PHNOM PENH, June 17, 2009 (AFP) - The former Khmer Rouge prison chief told Cambodia's UN-backed war crimes court Wednesday that he only once visited the country's most notorious "Killing Field" and saw just one execution.
Kaing Guek Eav, better known by his nom de guerre Duch, admitted earlier this year at his trial that he was responsible for overseeing the deaths of 15,000 people who passed through the feared Tuol Sleng jail.
But in response to judges' questions about conditions in and around the prison, he said he had only ventured once to the so-called "Killing Field" at Choeung Ek, a former orchard just outside the capital Phnom Penh.
"At Choeung Ek, I tried to avoid seeing such killing and I turned my back to executions," Duch said. "I only went there for a very, very short time... I saw one, for sure...at 5 am when being executed."
The 66-year-old told the court he was ordered to inspect the killing field after he shifted all executions outside of Tuol Sleng, which is in the capital itself, for hygiene purposes.
Despite his statement that he avoided watching executions, Duch went on to detail various methods his staff used to murder prisoners under the brutal 1975-1979 regime.
"The method of stabbing the neck of the prisoners was later changed to clubbing," Duch said.
"Besides stepping on the neck and clubbing, there was the method of blood drawing and another couple of prisoners were taken for medical experiments," he added.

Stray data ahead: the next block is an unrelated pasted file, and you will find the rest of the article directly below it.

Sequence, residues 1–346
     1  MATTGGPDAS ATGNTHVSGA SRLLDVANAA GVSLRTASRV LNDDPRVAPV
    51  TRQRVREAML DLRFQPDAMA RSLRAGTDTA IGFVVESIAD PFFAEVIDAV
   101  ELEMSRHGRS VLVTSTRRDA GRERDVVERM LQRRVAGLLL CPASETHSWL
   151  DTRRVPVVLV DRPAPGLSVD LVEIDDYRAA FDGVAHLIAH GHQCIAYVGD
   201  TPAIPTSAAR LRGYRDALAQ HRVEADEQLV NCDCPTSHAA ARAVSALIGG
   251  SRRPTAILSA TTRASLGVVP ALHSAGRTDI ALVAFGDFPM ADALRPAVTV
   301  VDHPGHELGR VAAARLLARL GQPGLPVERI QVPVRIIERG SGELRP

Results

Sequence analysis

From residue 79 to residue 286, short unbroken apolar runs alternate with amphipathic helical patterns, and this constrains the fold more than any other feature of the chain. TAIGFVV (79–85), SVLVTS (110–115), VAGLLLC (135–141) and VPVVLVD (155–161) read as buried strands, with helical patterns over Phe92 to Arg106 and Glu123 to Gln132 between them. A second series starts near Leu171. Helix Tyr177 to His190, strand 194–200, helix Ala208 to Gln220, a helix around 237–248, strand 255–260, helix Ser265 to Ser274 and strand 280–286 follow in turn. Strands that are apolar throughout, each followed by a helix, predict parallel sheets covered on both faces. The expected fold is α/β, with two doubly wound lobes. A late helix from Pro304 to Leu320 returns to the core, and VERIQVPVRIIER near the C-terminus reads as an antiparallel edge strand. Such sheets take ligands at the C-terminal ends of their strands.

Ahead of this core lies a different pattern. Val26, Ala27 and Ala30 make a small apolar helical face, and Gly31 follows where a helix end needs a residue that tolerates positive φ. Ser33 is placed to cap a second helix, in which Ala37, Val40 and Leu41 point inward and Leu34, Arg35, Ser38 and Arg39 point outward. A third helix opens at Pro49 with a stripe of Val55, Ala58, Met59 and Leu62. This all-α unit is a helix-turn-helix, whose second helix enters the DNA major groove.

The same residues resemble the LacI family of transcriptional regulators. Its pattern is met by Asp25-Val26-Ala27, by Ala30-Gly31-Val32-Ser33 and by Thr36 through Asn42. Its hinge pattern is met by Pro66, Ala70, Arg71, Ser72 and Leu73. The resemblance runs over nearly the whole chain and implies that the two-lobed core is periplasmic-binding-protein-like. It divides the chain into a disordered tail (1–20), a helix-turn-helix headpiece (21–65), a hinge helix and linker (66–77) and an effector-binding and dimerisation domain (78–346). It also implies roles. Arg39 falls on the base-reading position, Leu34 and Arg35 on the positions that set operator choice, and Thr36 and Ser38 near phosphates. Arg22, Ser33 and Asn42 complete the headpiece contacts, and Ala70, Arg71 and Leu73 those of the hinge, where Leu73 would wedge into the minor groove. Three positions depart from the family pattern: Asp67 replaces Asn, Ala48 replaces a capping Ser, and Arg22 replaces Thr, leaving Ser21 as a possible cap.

Earlier in his trial for war crimes and crimes against humanity, Duch begged forgiveness from the victims of the hardline communist movement after accepting responsibility for his role in leading the jail.
But he has consistently denied prosecutors' claims that he played a central role in the Khmer Rouge's iron-fisted rule and maintains he tortured only two people himself and never personally executed anyone.
The court does not have the authority to impose the death penalty, but the former maths teacher faces a life sentence for war crimes, crimes against humanity, torture and premeditated murder.
Khmer Rouge leader Pol Pot died in 1998, and many believe the tribunal is the last chance to find justice for victims of the communist regime, which killed up to two million people.